Kotlin Extension Functions by Example

Kotlin Extension functions allow you to add behaviour (think methods/functions) to any other type on the platform or in your codebase. The idea being to allow for greater flexibility and less boiler plate code.

Let’s have a quick run through of how to create them and what are some advantages and disadvantages.

The official docs:

Kotlin, similar to C# and Gosu, provides the ability to extend a class with new functionality without having to inherit from the class or use any type of design pattern such as Decorator. This is done via special declarations called extensions. Kotlin supports extension functions and extension properties.

To create an extension function, in a new file you declare a function. The difference being you prepend the function name with the class that you want to extend.

For example, here is an extension function on String that will replace all spaces with underscores.

fun String.spaceToUnderscore(): String = this.replace(" ", "_")

Side note, that the above is taking advantage of Kotlin’s one line methods. And could be written in long hand like so:

fun String.underscore(): String {
    return this.replace(" ", "_")
}

As you can imagine, that is a quite niche extension function. However it is quite powerful if you have a programme that just doesn’t like spaces, because calling the code like this, is much clearer.

// Without extension function
val newString = "Hello World".replace(" ", "_")
// With extension function
val newString = "Hello World".spaceToUnderscore()

Extension functions become much more powerful when you combine them with other libraries, say for instance, there is a Speech to Text library that requires you to pass your speech (voice input) in a custom format, normally you would have to make a Util or some type of conversion function, or even create a decorator to make this happen.

Now you can create one extension function, and call that method on each of the 3rd party API objects. Allowing for a much more fluid interface.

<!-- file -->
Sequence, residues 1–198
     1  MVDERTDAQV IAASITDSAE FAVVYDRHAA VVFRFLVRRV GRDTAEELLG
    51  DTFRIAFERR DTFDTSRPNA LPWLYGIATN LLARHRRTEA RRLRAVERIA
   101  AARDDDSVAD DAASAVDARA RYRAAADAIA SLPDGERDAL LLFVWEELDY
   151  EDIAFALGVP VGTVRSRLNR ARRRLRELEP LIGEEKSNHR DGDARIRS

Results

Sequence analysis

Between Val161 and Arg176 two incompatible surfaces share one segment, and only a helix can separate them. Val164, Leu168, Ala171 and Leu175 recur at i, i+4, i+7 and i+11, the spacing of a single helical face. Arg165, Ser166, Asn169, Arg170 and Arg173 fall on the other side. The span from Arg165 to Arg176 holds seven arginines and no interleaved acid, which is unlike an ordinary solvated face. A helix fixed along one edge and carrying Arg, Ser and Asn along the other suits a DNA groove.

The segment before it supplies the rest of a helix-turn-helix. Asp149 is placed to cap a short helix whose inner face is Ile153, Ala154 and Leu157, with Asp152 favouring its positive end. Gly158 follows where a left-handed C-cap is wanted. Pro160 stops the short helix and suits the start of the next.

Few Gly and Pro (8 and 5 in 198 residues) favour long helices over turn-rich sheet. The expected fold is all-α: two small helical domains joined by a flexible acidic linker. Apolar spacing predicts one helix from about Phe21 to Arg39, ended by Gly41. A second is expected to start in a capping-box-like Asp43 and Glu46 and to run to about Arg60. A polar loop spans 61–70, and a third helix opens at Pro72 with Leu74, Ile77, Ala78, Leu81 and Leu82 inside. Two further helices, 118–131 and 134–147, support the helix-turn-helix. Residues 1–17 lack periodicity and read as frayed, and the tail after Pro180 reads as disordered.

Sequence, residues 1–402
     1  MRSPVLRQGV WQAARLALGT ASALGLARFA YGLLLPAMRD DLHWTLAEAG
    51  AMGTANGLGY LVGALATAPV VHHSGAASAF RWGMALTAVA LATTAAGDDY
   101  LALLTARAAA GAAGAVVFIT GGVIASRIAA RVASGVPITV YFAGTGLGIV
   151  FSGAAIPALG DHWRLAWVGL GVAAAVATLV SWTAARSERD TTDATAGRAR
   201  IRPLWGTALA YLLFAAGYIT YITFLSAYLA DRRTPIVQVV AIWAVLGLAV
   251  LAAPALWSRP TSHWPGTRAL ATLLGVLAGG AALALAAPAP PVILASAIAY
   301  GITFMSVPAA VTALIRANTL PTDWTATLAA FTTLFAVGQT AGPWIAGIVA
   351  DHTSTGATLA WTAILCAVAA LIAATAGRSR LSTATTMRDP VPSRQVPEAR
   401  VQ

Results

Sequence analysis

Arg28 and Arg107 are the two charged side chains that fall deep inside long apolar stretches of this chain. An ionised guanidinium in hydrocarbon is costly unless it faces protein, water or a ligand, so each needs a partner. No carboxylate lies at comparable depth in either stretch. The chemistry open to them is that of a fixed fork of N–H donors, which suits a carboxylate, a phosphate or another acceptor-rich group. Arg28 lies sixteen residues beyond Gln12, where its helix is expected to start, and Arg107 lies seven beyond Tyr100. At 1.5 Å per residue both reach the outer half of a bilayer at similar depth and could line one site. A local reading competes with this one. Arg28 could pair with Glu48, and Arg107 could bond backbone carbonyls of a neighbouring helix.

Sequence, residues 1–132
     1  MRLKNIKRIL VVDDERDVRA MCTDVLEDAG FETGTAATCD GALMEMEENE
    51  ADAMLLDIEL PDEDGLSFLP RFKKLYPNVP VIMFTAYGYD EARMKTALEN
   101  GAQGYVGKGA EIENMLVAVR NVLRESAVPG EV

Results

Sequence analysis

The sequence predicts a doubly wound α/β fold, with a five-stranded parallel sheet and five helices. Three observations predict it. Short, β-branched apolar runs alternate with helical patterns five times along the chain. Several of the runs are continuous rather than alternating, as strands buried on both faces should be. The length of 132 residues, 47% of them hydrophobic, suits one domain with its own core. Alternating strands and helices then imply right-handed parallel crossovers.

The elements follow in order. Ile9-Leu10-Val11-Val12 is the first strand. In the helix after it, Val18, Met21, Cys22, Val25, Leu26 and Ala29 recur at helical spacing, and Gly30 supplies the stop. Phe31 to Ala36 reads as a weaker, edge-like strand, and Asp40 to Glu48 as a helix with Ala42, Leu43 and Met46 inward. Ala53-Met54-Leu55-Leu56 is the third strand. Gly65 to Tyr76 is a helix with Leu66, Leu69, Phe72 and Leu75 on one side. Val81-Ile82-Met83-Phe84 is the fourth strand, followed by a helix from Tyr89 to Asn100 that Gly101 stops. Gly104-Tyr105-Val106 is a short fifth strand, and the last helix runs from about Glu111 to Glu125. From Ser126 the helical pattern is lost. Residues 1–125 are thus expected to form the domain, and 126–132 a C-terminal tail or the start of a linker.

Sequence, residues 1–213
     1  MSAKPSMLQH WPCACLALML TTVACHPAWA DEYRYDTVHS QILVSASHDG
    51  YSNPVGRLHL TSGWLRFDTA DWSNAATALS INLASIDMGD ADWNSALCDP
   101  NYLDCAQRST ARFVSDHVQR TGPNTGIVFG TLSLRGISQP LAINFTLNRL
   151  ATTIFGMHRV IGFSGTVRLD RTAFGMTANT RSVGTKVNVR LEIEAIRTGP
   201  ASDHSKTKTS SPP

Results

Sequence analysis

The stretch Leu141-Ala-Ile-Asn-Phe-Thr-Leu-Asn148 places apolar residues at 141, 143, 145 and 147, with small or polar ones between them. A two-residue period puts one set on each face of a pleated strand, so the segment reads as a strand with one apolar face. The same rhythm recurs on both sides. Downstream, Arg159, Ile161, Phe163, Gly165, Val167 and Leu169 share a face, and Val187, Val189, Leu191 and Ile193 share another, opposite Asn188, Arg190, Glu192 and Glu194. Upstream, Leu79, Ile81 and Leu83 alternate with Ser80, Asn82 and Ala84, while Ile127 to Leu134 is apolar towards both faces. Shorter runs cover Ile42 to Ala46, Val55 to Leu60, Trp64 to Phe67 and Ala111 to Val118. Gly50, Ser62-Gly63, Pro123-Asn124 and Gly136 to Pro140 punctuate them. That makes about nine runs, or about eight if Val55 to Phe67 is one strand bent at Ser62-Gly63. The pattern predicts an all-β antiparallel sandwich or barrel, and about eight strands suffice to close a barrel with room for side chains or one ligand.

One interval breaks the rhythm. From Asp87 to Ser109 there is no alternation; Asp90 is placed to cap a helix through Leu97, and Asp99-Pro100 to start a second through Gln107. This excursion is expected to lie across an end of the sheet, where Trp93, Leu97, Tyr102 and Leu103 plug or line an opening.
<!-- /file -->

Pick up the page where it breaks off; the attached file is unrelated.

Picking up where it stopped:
By the same stroke, the disadvantage of Kotlin extension functions, is that they hide some of the complexity, or its not so much that they hide it. It’s that they allow you to put code anywhere to change anything.

Here is a example of an extension function, that I would argue is deceitful and not clean code at all. The below extension function extends String to allow it to be converted to a file, then to a ByteArray and then finally to a 3rd party object.

fun String.byteString(): ByteString = ByteString.copyFrom(File(this).readBytes())

Why is this so bad? In itself it looks like a quite handy method, but when you come to use it:

val byteString = "/my/file/location/file.zip".byteString()

It’s not obvious to the caller that this is actually referencing the zip file at the location, getting that File and getting the byteString from that (vs getting the ByteString of the String itself). This is something to be careful about and not to use extension functions “just because you can”.

Remember: When you have a hammer, everything looks like a nail

To recap, kotlin extension functions are powerful and encourage easier to read code. Ensure though that you are not confusing or hiding important details.

To create an extension function you declare a function. The difference being you prepend the function name with the class that you want to extend.

fun Blog.end(): String = this.finish()

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